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A Bacon of Hope

A visit with Randall Prather, Professor, Division of Animal Sciences

By Sean Powers
Published: - Topics: genes genetic modification cloning pigs organs

Prather’s “Wall of Pork and Beef”

Topics: hemophilia stem cells

Prather gives a tour of the “Wall of Pork and Beef,” which highlights some of the important research projects on which he has collaborated over the years.




  • • In his early tests with embryo transfers in pigs, the cloned, genetically modified swine share the distinct characteristic of a green fluorescent snout.


  • • Removing the Alpha 1,3-galactosyltransferase (GGTA1) gene in pigs eliminates the deadly antibodies that attack organs coming from a different species.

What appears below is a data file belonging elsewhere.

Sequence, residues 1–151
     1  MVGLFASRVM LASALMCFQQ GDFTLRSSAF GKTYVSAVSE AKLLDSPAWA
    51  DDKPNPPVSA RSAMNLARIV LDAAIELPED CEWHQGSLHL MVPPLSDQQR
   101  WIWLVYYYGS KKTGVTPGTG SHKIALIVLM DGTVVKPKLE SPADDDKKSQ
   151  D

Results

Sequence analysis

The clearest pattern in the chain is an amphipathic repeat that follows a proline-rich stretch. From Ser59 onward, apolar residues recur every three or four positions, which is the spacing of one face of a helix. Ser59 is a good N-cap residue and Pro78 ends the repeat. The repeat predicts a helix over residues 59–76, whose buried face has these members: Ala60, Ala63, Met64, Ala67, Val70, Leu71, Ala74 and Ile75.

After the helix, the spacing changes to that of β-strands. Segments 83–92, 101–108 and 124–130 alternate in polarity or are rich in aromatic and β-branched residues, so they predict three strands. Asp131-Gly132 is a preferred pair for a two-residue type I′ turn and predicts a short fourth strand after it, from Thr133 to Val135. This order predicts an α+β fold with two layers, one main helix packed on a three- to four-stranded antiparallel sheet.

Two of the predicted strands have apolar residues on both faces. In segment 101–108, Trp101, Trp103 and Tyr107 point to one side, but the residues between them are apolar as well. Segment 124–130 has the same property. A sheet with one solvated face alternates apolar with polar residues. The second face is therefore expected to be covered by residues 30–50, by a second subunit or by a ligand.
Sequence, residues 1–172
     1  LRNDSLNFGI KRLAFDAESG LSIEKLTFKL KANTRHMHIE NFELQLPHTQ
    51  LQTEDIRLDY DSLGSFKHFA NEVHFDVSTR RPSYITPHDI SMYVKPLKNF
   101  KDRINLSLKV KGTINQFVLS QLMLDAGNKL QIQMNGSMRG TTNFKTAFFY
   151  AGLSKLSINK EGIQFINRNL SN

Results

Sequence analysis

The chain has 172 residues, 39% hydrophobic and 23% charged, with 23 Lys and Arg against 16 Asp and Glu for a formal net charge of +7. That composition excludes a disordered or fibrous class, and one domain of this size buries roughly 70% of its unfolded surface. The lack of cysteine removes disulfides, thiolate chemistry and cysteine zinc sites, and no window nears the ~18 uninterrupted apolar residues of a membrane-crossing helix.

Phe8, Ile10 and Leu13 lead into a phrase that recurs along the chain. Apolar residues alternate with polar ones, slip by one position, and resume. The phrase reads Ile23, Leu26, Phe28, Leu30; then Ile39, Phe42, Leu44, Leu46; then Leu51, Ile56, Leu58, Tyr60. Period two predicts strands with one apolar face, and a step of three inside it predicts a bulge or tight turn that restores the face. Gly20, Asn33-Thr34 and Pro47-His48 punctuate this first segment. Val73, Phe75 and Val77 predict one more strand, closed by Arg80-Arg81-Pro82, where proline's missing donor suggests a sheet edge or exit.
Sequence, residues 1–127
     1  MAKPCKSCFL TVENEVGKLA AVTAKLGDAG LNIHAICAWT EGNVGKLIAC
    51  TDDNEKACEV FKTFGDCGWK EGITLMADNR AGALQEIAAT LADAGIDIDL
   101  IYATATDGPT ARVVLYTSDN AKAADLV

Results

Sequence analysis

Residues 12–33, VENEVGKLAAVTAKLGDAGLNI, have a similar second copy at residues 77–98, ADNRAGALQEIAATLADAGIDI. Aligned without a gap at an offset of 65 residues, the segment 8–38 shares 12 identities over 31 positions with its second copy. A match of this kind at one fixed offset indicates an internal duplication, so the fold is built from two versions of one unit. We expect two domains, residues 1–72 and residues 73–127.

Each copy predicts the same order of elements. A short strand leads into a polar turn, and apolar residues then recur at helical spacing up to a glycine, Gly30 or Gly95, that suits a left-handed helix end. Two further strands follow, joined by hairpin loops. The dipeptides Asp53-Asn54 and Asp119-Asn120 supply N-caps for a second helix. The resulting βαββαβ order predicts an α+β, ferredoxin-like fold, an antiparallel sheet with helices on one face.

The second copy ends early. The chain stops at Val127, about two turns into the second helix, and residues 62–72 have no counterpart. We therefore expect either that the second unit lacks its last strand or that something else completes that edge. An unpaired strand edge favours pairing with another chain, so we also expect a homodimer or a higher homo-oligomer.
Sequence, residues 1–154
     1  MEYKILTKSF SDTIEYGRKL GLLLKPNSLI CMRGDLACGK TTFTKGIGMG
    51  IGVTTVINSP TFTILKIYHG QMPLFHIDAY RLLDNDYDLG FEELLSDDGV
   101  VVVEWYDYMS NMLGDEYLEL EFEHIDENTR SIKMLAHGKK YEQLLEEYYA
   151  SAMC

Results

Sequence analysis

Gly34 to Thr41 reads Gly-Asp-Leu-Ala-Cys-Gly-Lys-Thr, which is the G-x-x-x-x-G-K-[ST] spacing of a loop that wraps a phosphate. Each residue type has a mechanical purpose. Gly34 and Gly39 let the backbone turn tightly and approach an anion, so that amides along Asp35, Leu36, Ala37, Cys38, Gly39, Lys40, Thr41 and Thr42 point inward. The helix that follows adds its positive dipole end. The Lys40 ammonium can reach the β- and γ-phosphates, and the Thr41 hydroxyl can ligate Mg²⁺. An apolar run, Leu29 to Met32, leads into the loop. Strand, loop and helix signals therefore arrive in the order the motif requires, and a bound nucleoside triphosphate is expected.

• • By “co-colonizing the pig liver” (transferring human liver cells into fetal pigs), the pig is born with a liver that is part human, providing another potential source of liver cells for transfer to a person with liver disease.


  • • Creating stem cells from skin could lead to useful genetic modifications.


  • • In order to find a cure for cystic fibrosis, a devastating lung disease found in humans alone, Prather’s research shows that, with genetic modification, swine can develop the same condition, making it easier to test treatments and therapies for humans.


  • • Adding certain genes to pigs has resulted in the protein being produced in the pigs’ milk. The pigs can then be milked and the proteins purified from the milk, which could contribute to the creation of a pharmaceutical treatment for hemophilia.